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View Full Version : Esoteric philosophical argument jumps into the outer mainstream



HMGovt
02-06-2016, 10:05 PM
http://www.vox.com/2016/6/2/11837608/elon-musk-simulation-argument

Could be, could be. Cosmology seems to be hinting at a 'substrate', the circuit board it all runs on. Hitherto hidden consistencies at the largest and smallest scales.

But you can short circuit all of that by just proposing: no, we're the first of our kind, organic and free range, feeling our way in the universe. An unbroken chain of descent from Archaea to the born yesterday.

Mr. Tea
02-06-2016, 10:49 PM
Then can he explain why this never happens?

http://s24.postimg.org/4eorlzbut/leveling_up.jpg

droid
02-06-2016, 11:06 PM
See also: The singularity. Some tangental, but relevant points here:

http://blogs.scientificamerican.com/cross-check/dear-skeptics-bash-homeopathy-and-bigfoot-less-mammograms-and-war-more/?wt.mc=SA_Twitter-Share

Though I still have money on the multiverse.

Mr. Tea
03-06-2016, 12:06 AM
Though I still have money on the multiverse.

What odds did you get?

droid
03-06-2016, 09:53 AM
Infinity/1

Mr. Tea
03-06-2016, 10:40 AM
There is absolutely no way Musk literally 'believes' this hogwash. Anyone who actually thought this would surely be gripped by the kind of existential despair that would make Camus and Sartre look like happy-clappy Sunday school leaders by comparison. I strongly doubt he'd manage to muster any motivation to do anything at all, and it's not like he's exactly an underachiever.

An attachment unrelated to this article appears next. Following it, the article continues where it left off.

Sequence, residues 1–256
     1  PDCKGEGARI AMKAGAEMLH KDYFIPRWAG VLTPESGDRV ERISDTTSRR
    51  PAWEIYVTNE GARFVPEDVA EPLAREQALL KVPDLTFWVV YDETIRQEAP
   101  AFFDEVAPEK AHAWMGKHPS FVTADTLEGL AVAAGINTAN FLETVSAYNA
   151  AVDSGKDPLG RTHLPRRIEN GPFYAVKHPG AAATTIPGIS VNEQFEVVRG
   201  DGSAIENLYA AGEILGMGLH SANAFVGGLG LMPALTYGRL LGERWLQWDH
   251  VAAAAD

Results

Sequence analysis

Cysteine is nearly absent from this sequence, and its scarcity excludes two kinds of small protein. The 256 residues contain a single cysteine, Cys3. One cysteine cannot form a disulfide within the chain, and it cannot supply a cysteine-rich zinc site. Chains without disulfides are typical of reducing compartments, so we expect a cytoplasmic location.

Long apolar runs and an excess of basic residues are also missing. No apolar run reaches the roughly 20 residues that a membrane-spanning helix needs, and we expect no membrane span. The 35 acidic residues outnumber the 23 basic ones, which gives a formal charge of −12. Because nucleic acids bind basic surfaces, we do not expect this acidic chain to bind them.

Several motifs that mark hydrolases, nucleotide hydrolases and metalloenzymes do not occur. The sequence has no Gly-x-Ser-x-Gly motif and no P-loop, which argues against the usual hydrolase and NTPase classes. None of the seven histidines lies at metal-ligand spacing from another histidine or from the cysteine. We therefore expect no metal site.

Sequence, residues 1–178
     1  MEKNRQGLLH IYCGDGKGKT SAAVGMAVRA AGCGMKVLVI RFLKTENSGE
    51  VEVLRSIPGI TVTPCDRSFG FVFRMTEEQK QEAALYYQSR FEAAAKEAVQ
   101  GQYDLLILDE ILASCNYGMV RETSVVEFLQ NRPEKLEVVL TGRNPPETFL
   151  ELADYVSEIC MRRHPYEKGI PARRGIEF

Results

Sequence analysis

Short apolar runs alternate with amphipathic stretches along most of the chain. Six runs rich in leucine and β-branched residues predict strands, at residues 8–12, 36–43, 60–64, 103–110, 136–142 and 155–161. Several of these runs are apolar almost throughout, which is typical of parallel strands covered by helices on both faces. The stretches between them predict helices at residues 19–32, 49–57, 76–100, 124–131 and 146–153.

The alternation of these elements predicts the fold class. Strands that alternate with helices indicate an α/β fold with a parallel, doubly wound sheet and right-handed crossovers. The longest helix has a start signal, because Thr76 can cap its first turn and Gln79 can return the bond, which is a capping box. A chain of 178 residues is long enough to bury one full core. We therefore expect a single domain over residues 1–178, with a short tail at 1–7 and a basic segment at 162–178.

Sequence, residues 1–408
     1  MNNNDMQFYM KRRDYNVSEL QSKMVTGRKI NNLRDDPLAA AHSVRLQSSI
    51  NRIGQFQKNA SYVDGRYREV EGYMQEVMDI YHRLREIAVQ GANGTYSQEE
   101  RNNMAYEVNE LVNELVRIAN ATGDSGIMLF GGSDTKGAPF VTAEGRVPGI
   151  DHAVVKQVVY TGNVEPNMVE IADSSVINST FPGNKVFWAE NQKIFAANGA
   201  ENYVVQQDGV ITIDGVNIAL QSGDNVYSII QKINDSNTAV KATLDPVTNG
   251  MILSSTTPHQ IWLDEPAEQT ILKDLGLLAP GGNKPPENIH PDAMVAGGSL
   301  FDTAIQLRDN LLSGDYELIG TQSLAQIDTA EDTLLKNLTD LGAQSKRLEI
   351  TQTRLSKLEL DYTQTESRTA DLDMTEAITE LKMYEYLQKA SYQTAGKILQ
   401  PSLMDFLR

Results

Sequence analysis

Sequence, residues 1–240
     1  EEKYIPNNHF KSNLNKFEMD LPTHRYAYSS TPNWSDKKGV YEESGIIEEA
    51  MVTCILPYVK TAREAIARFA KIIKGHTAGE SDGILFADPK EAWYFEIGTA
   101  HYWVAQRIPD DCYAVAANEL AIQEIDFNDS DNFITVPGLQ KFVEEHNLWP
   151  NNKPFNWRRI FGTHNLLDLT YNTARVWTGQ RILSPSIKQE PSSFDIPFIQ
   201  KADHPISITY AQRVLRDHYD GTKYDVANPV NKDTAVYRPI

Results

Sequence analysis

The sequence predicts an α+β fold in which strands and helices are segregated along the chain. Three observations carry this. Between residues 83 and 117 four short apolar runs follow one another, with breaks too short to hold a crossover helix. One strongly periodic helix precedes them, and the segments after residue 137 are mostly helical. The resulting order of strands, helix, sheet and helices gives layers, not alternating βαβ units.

droid
03-06-2016, 11:15 AM
The simulation hypothesis is actually pretty convincing I think, but a fundamental principle is that any suitably advanced simulation would be indistinguishable from reality, therefore, whether or not we live in a simulation is essentially irrelevant.

Mr. Tea
03-06-2016, 01:16 PM
I think most people would consider there to be philosophical and psychological implications that go beyond any concept of what is and isn't empirically testable. Although I guess if you have a very pragmatic and phenomenological view of the world already (as maybe befits a highly successful inventor and entrepreneur?) you perhaps care about this less than most people. Certainly the spiritual implications are rendered irrelevant if you're an atheist-materialist in the first place.

Really, I think, it's hard for these sorts of discussions not to end up sounding like a conversation between some philosophy freshmen who've just watched The Matrix while sharing a spliff. Not that I have anything against either spliffs or The Matrix, but - y'know.